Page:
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An easy and reproducible parameter for the assessment of the pressure gradient in patients with aortic stenosis disease : A magnetic resonance study. / Valenti, Valentina; Sciarretta, Sebastiano; Levin, Matt; Shubayev, Leon; Edelstein, Sophia; Zia, Mohammad I.; Rubattu, Speranza; Volpe, Massimo; Uretsky, Seth; Wolff, Steven D.

In: Journal of Cardiology, Vol. 65, No. 5, 01.05.2015, p. 369-376.

Research output: Contribution to journalArticle

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T1 - An easy and reproducible parameter for the assessment of the pressure gradient in patients with aortic stenosis disease

T2 - A magnetic resonance study

AU - Valenti, Valentina

AU - Sciarretta, Sebastiano

AU - Levin, Matt

AU - Shubayev, Leon

AU - Edelstein, Sophia

AU - Zia, Mohammad I.

AU - Rubattu, Speranza

AU - Volpe, Massimo

AU - Uretsky, Seth

AU - Wolff, Steven D.

PY - 2015/5/1

Y1 - 2015/5/1

N2 - Aim: Cardiovascular magnetic resonance (CMR) has been increasingly used as an alternative method to evaluate the severity of aortic stenosis. The aim of our study was to evaluate whether the indirect measurement of the aortic gradient (Calc-PG), derived from Gorlin's formula, is a reproducible parameter for gradient assessment. Then, we evaluated if this parameter is correlated with left ventricular hypertrophy, considered as a marker of severity of aortic stenosis, better than phase-contrast sequences-derived pressure gradient (PC-PG) and aortic valve area. Methods: Forty-one patients with isolated aortic stenosis underwent CMR. Calc-PG was obtained from the formula (cardiac output/aortic valve area)2, and it was compared to PC-PG. Results: We found that the Calc-PG has higher correlation with left ventricle mass than PC-PG (r2 0.44, p<0.001 vs. r2 0.26, p<0.01), also after multivariate analysis adjusting for age, gender and hypertension (p<0.001). Furthermore, Calc-PG was more reproducible than PC-PG. The receiver operating characteristic comparison curve analysis showed that Calc-PG has a significantly higher ability to describe the presence of left ventricular hypertrophy than PC-PG (area under the curve 0.85, 95% CI 0.70-0.94, p<0.0001 vs. 0.74, 95% CI 0.58-0.87, p=0.03). Conclusions: We propose that transaortic gradient indirectly calculated by using the simplified Gorlin's equation could be an alternative method to assess the severity of aortic stenosis.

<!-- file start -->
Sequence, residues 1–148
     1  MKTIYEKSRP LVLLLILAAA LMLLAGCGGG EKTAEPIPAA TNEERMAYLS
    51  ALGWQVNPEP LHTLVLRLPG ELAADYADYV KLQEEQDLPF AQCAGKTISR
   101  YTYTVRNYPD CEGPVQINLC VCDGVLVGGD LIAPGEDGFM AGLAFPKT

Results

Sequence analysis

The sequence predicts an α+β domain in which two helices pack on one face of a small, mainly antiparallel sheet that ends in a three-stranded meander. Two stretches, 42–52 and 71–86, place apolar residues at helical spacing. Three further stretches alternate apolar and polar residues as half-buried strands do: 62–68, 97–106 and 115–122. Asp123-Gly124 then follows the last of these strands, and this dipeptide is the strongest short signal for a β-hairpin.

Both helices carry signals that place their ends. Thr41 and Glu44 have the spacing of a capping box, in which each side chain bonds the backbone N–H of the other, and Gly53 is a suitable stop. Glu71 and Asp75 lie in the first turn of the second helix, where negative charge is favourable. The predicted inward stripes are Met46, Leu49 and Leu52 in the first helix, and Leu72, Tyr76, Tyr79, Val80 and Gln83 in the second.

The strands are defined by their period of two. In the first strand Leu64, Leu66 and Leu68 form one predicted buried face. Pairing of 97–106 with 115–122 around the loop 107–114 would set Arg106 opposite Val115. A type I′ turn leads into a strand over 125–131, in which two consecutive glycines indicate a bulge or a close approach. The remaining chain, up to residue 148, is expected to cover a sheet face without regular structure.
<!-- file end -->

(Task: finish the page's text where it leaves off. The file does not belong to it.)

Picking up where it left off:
AB - Aim: Cardiovascular magnetic resonance (CMR) has been increasingly used as an alternative method to evaluate the severity of aortic stenosis. The aim of our study was to evaluate whether the indirect measurement of the aortic gradient (Calc-PG), derived from Gorlin's formula, is a reproducible parameter for gradient assessment. Then, we evaluated if this parameter is correlated with left ventricular hypertrophy, considered as a marker of severity of aortic stenosis, better than phase-contrast sequences-derived pressure gradient (PC-PG) and aortic valve area. Methods: Forty-one patients with isolated aortic stenosis underwent CMR. Calc-PG was obtained from the formula (cardiac output/aortic valve area)2, and it was compared to PC-PG. Results: We found that the Calc-PG has higher correlation with left ventricle mass than PC-PG (r2 0.44, p<0.001 vs. r2 0.26, p<0.01), also after multivariate analysis adjusting for age, gender and hypertension (p<0.001). Furthermore, Calc-PG was more reproducible than PC-PG. The receiver operating characteristic comparison curve analysis showed that Calc-PG has a significantly higher ability to describe the presence of left ventricular hypertrophy than PC-PG (area under the curve 0.85, 95% CI 0.70-0.94, p<0.0001 vs. 0.74, 95% CI 0.58-0.87, p=0.03). Conclusions: We propose that transaortic gradient indirectly calculated by using the simplified Gorlin's equation could be an alternative method to assess the severity of aortic stenosis.